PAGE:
26 SES 04 A, Exploring The Link(s) Between Educational Leadership, Turnover And Student Achievement
A vast amount of empirical studies have demonstrated that principal turnover is often (and mostly negatively) associated with within-school variables and student outcomes (Snodgrass Rangel, 2018). Particularly with regard to schools with students from a low socioeconomic status (so-called low SES-schools), evidence suggests that a principal turnover might be an indication of an ongoing downward spiral: These schools are more likely to have comparatively less experienced principals (Branch, Hanushek, & Rivkin, 2008) and a higher personnel turnover rate (Gates et al., 2006; Loeb, Kalogrides, & Horng, 2010). Thus, the change of a principal can be a critical event for a school. Routines might be altered or given up completely, social relationships can be disrupted, and a school may lose its institutional memory when a school leader leaves her/his position and a new one takes over the responsibility for a school.
Although some studies have demonstrated an association between principal turnover and school culture, climate and resources (Snodgrass Rangel, 2018), the consequences of such an event for classroom instruction and teaching have rarely been studied. This is remarkable, as in theory, high quality teaching should vary in response to schools’ contextual factors, including leadership (Cohen & Goldhaber, 2016). In the only research available on this topic, Leithwood and Mascall (2010) used a cross-sectional design, drew on teacher self-reports concerning teaching practices and found no significant effect of principal turnover on those variables, and thus conclude, “that teacher classroom practice is in some way buffered from direct effects of changes in principal leadership” (Mascall & Leithwood, 2010, p. 375f). However, the results are hard to interpret, particularly as it is difficult for teachers to report on the quality of their own instruction, i.e. the appropriateness of teacher-student interaction in the classroom (Bell et al., 2014; Goe, Bell, & Little, 2008; Kunter & Baumert, 2006). Thus, it remains unclear if and how principal turnover is related to the quality of instruction.
While this is the case for the international field of research in general, it is a particularly poignant “blank spot” for the German context, where not a single empirical study so far has investigated principal turnover and its consequences at all. The few scholarly German sources published that explicitly mention effects of or just issues surrounding principal succession and/or turnover work with limited sample sizes (Hancock & Müller, 2014). There is not even accurate and reliable information on turnover rates of and job vacancies for principals available. Only one study (Abs, Diedrich, Sickmann, & Klieme, 2007) casually surveyed the turnover of principals for the German federal state of North Rhine-Westphalia (in 160 Schools) and reported a turnover rate of about 21% within three years but did not report on any determinants or effects of turnover.
Against this background, the purpose of our research is to explore the effects of principal turnover and its complex associations with context and leadership on teaching quality in a German context and thus, to address these three central research questions:
- Is principal turnover associated with a change in a schools’ teaching quality?
- Does a schools’ social context play a significant role with regard to the putative effects of principal turnover on teaching quality?
- Does an interaction of principal turnover and school leadership affect changes in a schools’ teaching quality?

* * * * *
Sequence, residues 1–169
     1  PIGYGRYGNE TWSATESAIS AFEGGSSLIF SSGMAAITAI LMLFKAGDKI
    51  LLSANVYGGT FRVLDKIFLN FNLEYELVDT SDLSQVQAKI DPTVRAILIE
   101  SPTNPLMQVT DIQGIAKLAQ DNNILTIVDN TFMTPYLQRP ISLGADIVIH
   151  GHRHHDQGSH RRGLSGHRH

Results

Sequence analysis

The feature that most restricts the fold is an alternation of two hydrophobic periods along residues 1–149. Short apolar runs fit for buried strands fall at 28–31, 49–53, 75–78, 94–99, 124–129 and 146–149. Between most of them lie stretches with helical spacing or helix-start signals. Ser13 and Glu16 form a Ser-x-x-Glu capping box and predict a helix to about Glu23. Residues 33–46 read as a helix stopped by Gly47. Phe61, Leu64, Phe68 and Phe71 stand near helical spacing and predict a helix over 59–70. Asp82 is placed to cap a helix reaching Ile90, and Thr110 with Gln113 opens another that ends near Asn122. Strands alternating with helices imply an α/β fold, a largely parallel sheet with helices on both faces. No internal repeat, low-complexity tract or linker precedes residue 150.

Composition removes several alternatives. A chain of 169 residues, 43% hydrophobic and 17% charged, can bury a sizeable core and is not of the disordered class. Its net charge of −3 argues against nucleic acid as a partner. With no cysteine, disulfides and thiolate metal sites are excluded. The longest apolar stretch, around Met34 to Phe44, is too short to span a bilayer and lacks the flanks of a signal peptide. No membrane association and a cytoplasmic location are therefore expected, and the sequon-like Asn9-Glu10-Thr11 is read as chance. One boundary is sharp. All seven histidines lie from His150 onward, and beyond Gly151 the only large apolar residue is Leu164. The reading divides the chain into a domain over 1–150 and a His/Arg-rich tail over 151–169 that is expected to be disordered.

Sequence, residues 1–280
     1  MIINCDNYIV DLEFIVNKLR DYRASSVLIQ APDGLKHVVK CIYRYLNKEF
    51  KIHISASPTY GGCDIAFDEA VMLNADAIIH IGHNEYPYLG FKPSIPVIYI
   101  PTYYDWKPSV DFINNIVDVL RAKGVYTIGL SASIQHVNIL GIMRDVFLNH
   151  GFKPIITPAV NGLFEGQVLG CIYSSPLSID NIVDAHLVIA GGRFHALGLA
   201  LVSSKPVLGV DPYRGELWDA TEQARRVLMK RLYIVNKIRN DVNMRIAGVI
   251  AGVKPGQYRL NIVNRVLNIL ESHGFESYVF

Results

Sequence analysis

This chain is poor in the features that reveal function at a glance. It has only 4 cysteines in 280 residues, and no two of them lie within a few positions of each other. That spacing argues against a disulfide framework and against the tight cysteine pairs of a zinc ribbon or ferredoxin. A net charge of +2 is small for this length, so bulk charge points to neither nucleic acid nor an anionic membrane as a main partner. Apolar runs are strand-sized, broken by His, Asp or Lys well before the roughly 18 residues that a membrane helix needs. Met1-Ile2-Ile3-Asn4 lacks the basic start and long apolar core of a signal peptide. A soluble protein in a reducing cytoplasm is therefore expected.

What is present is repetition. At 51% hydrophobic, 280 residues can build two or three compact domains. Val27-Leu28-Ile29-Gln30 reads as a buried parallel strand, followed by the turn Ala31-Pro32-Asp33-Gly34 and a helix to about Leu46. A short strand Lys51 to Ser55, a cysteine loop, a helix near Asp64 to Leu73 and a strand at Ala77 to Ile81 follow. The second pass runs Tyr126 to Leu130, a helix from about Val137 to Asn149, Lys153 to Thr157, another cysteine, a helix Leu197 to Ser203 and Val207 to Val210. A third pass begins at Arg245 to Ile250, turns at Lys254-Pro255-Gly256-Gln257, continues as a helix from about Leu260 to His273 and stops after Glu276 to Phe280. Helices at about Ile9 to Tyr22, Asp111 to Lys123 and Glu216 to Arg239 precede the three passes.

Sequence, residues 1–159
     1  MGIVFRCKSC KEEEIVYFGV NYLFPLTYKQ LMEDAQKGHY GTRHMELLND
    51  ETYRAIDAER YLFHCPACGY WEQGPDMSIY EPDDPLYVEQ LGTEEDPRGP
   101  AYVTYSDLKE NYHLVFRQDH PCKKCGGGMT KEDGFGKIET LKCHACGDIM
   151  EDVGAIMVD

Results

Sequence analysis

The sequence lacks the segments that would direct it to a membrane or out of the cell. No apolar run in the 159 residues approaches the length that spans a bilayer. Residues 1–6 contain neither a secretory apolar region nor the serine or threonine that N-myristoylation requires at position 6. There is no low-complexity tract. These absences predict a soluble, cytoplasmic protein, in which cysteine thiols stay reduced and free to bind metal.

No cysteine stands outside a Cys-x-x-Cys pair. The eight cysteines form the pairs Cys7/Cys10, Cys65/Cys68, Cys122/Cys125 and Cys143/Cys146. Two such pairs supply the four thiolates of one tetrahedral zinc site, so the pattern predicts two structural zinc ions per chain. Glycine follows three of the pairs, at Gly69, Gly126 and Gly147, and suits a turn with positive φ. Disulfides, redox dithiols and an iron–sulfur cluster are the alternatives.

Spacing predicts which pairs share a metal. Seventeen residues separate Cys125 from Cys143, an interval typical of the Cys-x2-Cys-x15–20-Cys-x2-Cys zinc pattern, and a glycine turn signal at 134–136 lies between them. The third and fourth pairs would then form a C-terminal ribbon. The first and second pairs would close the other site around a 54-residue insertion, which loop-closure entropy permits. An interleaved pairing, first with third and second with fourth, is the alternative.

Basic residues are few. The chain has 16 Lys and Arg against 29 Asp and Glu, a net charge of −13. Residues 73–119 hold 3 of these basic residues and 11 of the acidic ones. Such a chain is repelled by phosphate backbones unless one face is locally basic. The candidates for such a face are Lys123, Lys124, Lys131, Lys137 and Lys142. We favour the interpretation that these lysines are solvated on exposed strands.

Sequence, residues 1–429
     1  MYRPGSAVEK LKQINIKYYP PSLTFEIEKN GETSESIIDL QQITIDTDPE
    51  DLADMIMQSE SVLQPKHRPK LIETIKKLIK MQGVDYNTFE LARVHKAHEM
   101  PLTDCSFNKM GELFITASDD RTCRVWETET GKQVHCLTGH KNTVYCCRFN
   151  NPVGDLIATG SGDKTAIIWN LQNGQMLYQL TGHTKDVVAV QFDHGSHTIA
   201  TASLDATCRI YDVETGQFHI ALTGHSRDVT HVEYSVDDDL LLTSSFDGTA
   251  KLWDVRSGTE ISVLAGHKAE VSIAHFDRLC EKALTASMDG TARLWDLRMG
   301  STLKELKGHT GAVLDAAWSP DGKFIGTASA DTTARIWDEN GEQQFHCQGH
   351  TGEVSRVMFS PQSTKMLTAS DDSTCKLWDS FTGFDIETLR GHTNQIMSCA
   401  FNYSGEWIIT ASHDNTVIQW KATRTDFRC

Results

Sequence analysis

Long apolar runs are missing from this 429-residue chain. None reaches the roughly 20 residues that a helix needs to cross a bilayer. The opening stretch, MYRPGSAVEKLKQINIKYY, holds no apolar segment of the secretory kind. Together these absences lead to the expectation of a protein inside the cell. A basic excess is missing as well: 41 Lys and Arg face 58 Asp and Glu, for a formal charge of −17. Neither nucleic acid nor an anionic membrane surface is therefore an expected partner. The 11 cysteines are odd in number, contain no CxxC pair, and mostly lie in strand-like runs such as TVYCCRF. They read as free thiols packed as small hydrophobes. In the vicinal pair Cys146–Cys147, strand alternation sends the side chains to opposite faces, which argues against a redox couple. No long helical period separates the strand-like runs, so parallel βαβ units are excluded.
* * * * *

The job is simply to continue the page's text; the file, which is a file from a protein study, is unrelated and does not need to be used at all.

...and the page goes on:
This study is a secondary analysis with repeated measures on the school level of data gathered by the Hamburg school inspection during its first (2007-2013) and second inspection cycle (2012-2019). For our analyses we use data from classroom observations as well as teacher and school questionnaires from n=101 primary schools who have been inspected in both inspection cycles.
Teaching Quality is the dependent variable in our analyses. The data stems from systematic 20-minute classroom observations conducted by the Hamburg school inspection. The observation instrument is based on the notion that effective teaching could be described by a set of generic teaching or instructional practices (Praetorius et al, 2018) and intends to evaluate teaching in different subjects, grade levels, and school contexts, with differences to be accounted for in scoring rather than in observation (Goe et al., 2008). Thus, the instrument is comprised of 30 Items from four dimensions: a) classroom management, b) supportive climate, c) cognitive activation and d) adaptive teaching. All items are rated by external observers on a four-point scale. The lower limit of the amount of observations was 40 per school. For the first point of measurement n=5,202 (mean per school=52) classroom observations are available in the data set, for the second point of measurement n=4,834 (mean per school=48). The teacher questionnaire comprises a total of 114 items from which we only use the section (perceived) leadership behavior. Further, the inquiry is conducted as a full population survey on the level of each school, thus, no sampling takes place and all teachers of a school are requested to participate in the online survey. School Leadership practices within this paper are understood similarly to the OECD (2016) concept of Leadership for Learning and thus as a blend respectively integration of instructional and shared leadership practices. The response rate of the teacher online survey for our sample was 69.6 percent (n=1,916, N=2,840). The effects of principal turnover were examined by applying univariate analyses in SPSS as well as multi-level regression models in Mplus 7.3 (Muthén & Muthén, 2012). Regarding the multi-level regression models teaching quality was modelled as dependent variable with classroom observations nested in schools. For this purpose, the time of observation was used as predictor variable on level 1 (within schools) coded as 0 = baseline and 1 = second time point. The effect of time was treated as random between schools and thus reflects the school level changes in teaching quality between the two time points. Principal turnover and other school level variables were used as predictors for change, i.e. as school level predictors for the random slope of time. For all predictors, correlations with the random intercept (i.e. the school level of teaching quality at the first time point) were included in the model.